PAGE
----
The Reserve Bank of Australia (RBA) should consider following Europe’s lead in placing longer intervals between monetary policy meetings throughout the year, according to the CEO of a leading real estate group.
At a recent meeting held by the Governing Council of the European Central Bank (ECB), it was announced its monetary policy meetings would now take place every six weeks from January 2015.
According to Raine & Horne chairman and chief executive, Angus Raine, Australia’s central bank should consider following Europe's lead.
“It’s a sensible move to have longer intervals between monetary policy meetings, and President Mario Draghi has indicated the ECB won’t make another decision on interest rates until last month’s judgement to drop some of its interest rates into negative territory has time to flush through the European economy,” he said.
“In the past, we’ve found decisions made by the RBA tend to take a few months to work their way through to consumer confidence, business activity and ultimately the real estate market, yet the RBA can make a change to monetary policy every month."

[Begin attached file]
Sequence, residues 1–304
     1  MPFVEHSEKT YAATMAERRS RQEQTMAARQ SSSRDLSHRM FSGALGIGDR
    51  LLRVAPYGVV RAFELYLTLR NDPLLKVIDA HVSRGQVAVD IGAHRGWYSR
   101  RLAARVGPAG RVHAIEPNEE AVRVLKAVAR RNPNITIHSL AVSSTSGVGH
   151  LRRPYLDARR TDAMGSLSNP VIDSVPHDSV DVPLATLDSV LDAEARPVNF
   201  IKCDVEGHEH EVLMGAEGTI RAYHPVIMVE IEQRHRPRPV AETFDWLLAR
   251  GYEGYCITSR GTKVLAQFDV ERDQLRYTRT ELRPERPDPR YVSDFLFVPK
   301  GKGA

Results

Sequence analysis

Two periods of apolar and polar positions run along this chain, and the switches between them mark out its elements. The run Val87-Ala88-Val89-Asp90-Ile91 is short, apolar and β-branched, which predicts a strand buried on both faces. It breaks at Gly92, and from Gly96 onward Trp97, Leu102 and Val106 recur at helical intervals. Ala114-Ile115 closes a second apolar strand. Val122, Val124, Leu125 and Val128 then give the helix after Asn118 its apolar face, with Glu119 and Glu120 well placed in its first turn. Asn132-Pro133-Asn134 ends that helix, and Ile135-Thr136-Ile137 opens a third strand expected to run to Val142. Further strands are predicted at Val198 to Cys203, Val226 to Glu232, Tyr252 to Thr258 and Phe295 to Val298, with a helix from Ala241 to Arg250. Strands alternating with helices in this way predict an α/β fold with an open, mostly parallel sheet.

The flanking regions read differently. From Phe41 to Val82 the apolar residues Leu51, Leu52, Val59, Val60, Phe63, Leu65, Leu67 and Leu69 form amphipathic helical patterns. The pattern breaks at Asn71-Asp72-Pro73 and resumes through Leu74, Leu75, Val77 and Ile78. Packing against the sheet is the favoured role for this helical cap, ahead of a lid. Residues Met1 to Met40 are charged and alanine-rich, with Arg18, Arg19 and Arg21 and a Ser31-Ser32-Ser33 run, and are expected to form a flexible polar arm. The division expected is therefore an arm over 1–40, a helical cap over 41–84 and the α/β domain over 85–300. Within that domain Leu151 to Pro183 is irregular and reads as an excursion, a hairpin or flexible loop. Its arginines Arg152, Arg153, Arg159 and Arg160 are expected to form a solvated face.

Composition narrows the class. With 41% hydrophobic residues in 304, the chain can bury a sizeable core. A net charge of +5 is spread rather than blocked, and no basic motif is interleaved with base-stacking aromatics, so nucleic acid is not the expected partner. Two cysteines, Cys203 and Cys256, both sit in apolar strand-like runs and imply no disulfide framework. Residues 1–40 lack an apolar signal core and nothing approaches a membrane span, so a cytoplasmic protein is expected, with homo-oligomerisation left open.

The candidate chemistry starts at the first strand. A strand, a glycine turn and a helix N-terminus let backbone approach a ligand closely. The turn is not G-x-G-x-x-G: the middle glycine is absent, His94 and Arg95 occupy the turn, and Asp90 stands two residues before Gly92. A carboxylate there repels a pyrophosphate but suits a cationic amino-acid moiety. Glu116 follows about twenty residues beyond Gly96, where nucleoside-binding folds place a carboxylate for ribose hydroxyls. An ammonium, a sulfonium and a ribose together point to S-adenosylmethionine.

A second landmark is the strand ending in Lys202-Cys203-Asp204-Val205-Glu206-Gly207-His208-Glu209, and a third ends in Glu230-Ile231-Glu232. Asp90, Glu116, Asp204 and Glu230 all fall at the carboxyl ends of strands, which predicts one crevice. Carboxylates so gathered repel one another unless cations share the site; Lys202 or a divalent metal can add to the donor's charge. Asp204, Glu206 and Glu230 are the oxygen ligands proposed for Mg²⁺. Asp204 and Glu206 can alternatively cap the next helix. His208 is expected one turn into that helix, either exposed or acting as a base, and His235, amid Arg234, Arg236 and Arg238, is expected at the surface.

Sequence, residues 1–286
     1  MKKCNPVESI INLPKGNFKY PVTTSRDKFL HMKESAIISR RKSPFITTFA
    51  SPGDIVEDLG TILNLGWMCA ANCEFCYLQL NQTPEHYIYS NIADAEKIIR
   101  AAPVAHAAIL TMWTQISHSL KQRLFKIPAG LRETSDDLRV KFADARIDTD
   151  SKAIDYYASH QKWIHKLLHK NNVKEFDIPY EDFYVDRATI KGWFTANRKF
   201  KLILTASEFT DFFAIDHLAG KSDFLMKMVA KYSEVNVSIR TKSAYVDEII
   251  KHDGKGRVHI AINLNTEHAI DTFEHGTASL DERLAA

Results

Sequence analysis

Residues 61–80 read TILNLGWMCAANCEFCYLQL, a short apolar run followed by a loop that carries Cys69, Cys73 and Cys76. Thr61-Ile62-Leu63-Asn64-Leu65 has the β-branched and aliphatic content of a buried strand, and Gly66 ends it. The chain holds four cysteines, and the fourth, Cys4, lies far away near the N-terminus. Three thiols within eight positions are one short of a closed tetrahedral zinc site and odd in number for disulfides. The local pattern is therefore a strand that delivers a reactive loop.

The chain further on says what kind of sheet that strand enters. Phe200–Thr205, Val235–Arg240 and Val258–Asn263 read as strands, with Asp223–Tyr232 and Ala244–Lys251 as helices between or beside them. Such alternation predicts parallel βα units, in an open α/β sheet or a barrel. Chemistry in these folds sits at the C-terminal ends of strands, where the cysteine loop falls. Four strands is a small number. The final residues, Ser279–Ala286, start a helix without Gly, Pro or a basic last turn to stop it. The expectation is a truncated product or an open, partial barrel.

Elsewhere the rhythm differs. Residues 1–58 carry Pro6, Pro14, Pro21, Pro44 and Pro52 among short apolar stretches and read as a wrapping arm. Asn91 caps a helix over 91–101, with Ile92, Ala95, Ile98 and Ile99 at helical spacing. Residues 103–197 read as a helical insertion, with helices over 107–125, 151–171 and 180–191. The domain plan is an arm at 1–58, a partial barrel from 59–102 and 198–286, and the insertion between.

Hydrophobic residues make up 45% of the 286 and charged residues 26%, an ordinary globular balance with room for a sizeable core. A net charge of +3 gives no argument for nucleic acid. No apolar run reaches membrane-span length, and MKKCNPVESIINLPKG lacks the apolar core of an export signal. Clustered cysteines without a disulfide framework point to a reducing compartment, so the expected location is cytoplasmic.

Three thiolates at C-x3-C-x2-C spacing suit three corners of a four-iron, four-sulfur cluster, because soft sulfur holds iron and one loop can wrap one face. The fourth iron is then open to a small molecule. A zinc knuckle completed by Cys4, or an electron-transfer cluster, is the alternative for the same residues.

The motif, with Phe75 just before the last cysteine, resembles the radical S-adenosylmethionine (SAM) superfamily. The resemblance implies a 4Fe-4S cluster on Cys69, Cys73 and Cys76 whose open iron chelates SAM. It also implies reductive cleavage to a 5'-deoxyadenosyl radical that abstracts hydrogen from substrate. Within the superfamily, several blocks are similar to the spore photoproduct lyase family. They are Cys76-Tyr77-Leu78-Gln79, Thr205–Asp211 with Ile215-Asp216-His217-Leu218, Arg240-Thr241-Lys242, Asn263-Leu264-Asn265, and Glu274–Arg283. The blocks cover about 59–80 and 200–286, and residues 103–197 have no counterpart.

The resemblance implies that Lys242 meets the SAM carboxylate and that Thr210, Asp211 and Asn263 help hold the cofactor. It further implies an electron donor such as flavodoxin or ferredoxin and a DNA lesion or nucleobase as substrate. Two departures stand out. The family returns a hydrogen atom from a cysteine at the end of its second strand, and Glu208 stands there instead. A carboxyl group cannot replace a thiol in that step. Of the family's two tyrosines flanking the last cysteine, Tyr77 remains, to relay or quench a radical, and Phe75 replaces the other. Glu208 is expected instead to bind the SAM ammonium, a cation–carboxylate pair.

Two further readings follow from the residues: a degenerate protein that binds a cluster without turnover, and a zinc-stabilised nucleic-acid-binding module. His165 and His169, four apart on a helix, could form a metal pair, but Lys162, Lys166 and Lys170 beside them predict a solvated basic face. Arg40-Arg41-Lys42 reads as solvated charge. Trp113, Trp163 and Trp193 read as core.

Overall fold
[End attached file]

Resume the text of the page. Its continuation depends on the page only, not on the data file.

His comments follow the RBA announcement last week that interest rates are to stay at a record-low of 2.5 per cent.
Mr Raine said he has seen how the lead-up to an RBA board meeting can cause “hype and speculation” and leaves buyers and sellers holding their breath before and after the outcome is announced.
“To be fair, the impact of the monthly meetings is not as emphatic in a bull run as we’ve enjoyed over the past two years, but I’m more concerned about the effect when the RBA starts tightening monetary policy with a series of hikes, which is expected to begin later this year or early next,” he said.
“Longer intervals between meetings could give the RBA more time for its decisions to work their magic and minimise the impact the meetings have on business and investment activity.”